Former US diplomat Charles Freeman commented earlier on Washington’s war on terror. “How can we win,” he asked? America’s “enem(ies are) so ill-understood that we must invent a nonexistent ideology” for justification, he said.
Not according to Times editors. Iran is Exhibit A. So is North Korea. They’re the two remaining components of Bush’s “axis of evil.”
Times editors make sure readers don’t forget. “In one of the boldest warnings,” they claimed, “the North said it could carry out pre-emptive nuclear strikes against the United States.”
“(W)hether nuclear-tipped or not, (s)ome of its missiles could hit South Korea or Japan and American forces there….”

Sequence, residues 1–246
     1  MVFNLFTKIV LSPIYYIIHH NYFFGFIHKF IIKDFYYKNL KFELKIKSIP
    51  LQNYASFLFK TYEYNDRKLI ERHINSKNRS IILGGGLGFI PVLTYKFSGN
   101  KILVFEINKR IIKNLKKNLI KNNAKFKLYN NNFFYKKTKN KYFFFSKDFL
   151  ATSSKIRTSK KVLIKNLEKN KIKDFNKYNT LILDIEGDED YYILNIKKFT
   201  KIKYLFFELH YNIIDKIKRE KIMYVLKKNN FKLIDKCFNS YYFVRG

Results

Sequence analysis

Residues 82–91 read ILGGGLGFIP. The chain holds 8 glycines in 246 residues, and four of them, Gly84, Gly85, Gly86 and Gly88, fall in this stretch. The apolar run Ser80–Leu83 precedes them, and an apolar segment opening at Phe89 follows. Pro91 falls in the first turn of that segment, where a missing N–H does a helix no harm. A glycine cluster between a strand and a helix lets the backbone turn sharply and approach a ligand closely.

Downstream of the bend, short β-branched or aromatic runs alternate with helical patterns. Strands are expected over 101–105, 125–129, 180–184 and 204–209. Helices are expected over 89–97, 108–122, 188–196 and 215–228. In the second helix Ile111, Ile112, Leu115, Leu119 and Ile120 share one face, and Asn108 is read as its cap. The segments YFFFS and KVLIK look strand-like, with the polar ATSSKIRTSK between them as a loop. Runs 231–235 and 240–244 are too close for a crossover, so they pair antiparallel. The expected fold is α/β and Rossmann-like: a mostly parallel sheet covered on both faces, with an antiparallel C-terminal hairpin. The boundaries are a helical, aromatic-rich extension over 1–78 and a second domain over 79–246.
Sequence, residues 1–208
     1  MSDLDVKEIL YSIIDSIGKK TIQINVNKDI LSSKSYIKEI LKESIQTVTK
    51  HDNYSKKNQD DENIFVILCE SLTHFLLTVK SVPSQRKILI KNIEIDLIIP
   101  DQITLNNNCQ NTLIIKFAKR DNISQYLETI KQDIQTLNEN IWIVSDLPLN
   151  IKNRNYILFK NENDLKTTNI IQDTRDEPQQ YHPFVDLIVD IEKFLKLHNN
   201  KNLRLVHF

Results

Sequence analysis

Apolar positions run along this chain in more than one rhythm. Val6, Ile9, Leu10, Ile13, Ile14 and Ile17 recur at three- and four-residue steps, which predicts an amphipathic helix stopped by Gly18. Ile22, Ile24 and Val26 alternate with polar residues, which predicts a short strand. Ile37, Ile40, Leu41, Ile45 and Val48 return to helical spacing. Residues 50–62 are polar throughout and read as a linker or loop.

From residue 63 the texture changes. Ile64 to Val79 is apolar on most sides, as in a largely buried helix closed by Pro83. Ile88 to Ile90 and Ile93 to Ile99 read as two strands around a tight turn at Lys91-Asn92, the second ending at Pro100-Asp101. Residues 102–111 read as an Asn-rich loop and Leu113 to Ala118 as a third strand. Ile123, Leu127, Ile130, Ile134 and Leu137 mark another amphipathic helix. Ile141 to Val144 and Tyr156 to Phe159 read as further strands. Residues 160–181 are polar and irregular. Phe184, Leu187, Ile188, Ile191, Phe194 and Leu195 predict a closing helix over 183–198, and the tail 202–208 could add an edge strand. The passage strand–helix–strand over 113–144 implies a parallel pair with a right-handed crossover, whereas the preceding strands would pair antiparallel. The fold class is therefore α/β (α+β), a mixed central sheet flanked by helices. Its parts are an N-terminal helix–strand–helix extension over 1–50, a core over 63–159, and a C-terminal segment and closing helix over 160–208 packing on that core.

“Why is North Korea threatening the United States now? Because” more sanctions followed its February nuclear test, the Times claimed. It also “ratchets up its political speech during joint United States-South Korea military exercises….”
It has every right to do so. They include war games. They target the North. Simulated nuclear bombs were dropped. Imagine US and other Western responses if North Korea, Iran, Russia or China held similar exercises off America’s east, west, or gulf coasts. Doing so might be considered an act of war.
“What might North Korea be trying to accomplish with its threats?” Earlier, Washington and South Korea promised “concessions, including much-needed aid, in return for” Pyongyang denuclearizing.
US commitments aren’t worth the paper they’re written on. Promises made are broken. Times editors accused North Korea of “reneg(ing).” They lied saying so.